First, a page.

We are all guilty of pitching ourselves to the ground says Cilla Snowball, group chairman and group chief executive officer, AMV BBDO. Pitching is a choice and the more pitches you do, the less you win.
The Drum speaks to Snowball, ahead of her appearance at Pitch Perfect on spreading agency resources too thin and how the process can be shortened and screened by some honest feedback.
What was the hardest pitch you have ever done?
Lots of pitches are hard because of their size, scale and complexity. Repitches are hard because the statistics are against you on the likelihood of retention success. It’s wonderful to win but doubly hard if you lose. But the hardest ones are the knottiest strategic problems.
Road safety was one of those, which came up for grabs soon after I joined AMV in the mid 1990’s. We hadn’t ever won a government pitch despite many previous attempts over the years. We desperately wanted to win this one and we were determined that we would. The brief was around controlling speeding in urban areas, encouraging people to stick to 30mph.
The fact that one or two mph over the limit made a life and death difference was virtually impossible for people to accept or own. It was a beast of a strategic task, an almost impossible creative challenge and a harrowing project to research. Drivers simply couldn’t relate to or own the problem. Statistics around fatalities and serious injuries meant nothing. It was such a hard brief.
Was it successful?
It was. We had a barnstorming creative idea, a brilliant team and a steely determination to win. The idea was about showing real home video footage of happy kids whose lives were then cut short by speeding drivers in urban areas, needlessly killed in accidents near their homes where drivers were exceeding the limit. The brave families who participated in the campaign were heroic in their passion to tell their harrowing stories to help others .
Making the problem real and tangible meant drivers couldn’t escape responsibility. Reframing the problem as driving a little too fast rather than speeding made people own the problem more readily. It turned out to be one of the most rewarding and effective campaigns we have ever worked on.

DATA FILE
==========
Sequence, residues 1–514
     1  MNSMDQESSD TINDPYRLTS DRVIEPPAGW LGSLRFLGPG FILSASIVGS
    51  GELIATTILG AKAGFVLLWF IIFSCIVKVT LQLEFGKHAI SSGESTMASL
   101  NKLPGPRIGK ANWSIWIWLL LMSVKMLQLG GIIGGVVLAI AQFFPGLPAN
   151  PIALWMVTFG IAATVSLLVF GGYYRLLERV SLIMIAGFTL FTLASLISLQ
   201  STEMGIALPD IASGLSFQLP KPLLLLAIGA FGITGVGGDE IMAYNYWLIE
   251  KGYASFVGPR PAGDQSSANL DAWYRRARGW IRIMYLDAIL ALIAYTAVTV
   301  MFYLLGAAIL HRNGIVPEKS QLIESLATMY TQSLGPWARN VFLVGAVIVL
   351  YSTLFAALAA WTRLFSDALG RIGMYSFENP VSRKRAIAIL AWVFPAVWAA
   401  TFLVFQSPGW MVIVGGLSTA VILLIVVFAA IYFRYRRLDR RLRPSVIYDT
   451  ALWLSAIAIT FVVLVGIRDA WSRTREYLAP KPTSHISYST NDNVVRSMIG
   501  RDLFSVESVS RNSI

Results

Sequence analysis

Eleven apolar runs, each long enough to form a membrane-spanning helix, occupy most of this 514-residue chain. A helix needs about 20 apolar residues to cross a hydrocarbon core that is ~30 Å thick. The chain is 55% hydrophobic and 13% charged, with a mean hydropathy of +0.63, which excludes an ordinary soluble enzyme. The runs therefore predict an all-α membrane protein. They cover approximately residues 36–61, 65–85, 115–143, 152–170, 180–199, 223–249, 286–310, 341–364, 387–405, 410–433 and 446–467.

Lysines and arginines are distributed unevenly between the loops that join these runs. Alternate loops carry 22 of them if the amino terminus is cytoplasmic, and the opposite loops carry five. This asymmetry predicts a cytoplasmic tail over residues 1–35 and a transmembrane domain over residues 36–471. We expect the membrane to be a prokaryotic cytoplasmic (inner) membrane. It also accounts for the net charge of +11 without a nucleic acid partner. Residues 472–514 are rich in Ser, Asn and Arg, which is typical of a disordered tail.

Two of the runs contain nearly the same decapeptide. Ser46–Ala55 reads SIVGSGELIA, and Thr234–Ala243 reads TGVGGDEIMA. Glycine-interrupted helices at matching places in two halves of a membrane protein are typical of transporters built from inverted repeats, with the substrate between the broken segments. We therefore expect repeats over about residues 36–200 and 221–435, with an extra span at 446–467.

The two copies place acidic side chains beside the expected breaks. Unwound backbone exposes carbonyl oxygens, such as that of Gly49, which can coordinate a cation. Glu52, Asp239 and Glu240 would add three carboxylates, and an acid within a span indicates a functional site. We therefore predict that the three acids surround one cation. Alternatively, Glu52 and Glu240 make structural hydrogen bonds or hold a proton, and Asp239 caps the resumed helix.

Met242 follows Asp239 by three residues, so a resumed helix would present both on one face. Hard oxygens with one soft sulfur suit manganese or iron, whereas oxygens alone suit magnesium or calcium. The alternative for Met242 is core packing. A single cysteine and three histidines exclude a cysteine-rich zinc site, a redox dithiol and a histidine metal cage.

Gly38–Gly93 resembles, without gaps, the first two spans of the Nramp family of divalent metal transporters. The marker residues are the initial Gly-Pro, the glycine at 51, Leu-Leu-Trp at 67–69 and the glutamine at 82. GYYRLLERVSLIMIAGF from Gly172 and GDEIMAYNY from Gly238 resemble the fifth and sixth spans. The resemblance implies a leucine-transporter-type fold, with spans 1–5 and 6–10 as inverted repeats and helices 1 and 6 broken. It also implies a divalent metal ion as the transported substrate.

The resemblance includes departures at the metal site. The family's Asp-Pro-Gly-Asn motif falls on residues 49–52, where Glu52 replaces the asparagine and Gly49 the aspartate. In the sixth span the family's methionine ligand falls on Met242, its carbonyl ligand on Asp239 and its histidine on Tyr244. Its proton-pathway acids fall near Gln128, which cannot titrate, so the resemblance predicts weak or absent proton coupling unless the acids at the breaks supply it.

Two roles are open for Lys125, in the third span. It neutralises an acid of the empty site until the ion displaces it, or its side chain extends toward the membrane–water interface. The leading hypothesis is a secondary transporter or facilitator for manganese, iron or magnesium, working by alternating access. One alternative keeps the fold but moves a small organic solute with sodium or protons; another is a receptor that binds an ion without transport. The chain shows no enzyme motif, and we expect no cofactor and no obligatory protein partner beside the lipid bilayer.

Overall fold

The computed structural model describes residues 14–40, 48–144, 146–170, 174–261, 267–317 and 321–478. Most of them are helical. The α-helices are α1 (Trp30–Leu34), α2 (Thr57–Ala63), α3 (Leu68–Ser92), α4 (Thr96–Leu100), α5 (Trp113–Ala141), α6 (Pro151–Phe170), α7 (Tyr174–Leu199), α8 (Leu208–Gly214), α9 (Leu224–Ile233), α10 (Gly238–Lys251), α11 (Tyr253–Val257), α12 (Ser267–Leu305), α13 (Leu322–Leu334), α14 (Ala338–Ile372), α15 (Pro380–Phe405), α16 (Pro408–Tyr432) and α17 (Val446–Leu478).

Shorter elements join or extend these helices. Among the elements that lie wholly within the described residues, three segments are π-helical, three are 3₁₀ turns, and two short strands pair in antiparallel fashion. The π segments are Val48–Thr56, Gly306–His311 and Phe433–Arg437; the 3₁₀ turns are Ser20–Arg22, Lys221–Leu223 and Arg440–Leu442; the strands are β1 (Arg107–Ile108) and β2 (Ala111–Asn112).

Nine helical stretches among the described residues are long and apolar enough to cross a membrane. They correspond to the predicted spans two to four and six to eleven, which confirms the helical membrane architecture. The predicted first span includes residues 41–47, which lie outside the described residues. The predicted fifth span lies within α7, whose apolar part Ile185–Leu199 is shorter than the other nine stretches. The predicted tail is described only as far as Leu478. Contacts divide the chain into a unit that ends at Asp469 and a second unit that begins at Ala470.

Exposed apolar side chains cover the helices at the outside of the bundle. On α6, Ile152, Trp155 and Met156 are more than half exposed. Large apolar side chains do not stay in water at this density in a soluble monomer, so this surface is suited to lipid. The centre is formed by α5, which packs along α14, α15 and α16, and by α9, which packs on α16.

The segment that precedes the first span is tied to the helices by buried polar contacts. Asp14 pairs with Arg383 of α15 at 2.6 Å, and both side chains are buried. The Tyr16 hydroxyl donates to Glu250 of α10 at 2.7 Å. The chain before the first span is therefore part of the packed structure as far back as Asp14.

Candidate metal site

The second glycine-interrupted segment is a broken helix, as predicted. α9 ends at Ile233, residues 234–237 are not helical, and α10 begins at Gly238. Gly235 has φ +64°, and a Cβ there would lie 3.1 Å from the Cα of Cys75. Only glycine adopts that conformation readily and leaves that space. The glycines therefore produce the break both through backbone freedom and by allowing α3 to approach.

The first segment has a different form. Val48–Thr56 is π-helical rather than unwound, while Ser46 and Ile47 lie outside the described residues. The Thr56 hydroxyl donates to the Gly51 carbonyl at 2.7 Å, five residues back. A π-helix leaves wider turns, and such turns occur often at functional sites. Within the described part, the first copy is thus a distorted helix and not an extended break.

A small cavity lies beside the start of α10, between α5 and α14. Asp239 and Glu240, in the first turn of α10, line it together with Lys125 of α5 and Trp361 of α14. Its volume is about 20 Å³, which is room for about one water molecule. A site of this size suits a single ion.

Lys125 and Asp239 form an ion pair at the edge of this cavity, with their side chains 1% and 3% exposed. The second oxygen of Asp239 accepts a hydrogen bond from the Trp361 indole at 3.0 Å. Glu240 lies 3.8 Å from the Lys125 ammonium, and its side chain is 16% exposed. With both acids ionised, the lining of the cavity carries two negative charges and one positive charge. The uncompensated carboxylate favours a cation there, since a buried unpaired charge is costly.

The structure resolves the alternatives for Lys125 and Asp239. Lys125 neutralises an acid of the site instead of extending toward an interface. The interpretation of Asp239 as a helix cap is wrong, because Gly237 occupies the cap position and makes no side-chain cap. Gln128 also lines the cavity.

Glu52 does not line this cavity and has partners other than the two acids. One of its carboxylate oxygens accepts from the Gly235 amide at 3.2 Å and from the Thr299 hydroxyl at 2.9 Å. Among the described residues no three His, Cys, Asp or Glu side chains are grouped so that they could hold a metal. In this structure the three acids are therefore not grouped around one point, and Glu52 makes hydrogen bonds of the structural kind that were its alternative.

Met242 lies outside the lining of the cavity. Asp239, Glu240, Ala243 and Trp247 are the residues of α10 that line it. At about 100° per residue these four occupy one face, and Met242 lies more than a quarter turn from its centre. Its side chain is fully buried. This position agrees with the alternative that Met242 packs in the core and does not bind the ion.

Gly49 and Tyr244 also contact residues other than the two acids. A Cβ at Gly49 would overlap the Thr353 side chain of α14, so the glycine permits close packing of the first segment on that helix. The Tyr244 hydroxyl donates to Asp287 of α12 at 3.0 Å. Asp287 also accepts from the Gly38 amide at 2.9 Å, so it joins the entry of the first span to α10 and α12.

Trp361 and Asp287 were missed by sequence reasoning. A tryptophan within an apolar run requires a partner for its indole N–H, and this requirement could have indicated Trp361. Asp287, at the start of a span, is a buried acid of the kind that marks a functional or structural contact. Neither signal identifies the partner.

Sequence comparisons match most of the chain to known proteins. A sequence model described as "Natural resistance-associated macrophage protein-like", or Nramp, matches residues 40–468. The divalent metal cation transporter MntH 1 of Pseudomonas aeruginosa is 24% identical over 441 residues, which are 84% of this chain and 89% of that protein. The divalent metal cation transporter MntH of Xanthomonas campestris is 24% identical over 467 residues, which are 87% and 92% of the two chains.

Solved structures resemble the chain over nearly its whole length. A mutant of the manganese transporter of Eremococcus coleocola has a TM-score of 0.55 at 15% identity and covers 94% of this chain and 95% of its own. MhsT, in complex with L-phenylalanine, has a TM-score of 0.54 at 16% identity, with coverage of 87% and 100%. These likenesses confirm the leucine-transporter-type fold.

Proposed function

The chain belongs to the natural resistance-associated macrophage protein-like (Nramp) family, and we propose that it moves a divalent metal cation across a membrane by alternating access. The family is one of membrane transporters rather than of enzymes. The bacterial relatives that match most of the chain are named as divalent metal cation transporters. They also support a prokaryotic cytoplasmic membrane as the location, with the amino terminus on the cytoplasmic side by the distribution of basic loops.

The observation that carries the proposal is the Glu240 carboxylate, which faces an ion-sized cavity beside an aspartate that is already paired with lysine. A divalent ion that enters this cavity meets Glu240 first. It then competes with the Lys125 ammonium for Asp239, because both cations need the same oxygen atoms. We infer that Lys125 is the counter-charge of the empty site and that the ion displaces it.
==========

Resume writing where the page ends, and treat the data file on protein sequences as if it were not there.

What did you learn from it?
All the usual lessons. Tenacity, collaboration, delivering irresistible work that clients can’t walk away from, work you simply have to make. Getting to a robust strategy before you can even hope to land a brilliant creative idea. Great work can literally save lives.
Has the pitch process become far too complicated?
It goes longer and deeper because the pre-screening and RFI process is more detailed and the commercial negotiation more protracted. But it is all in a client and agency’s control to manage and can be shortened by decisive screening and honest feedback conversations, both ways.
Is it time to ditch ‘request for information’ documents (RFIs) or even the ‘chemistry meetings?
I don’t think so. They are both vital, but they need to be managed properly.
Is taking part in a pitch always a logically financially viable process these days?
Pitching is a choice. The more you pitch, the less you win. Best to be ruthlessly selective about whether you pitch in the first place and then give it your all. Spreading agency resource too thin on pitches is a recipe for disaster.
As an industry are we guilty of pitching ourselves to the ground?
Again, it’s a choice. As pitches decline in volume the value equation has to work- financially, creatively and for talent growth. We pitch ourselves into the ground at our peril. Battle weary troops never win.
Snowball will speak at The Drum Pitch Perfect event on 13 September to discuss how she approaches the new business process, what she likes and don’t likes and how she sees industry trends progressing from their heady heights.
This event focuses on helping agencies win new business. Check out the website for more information and to purchase tickets.
Sponsors of the event are BD100 and Digitas.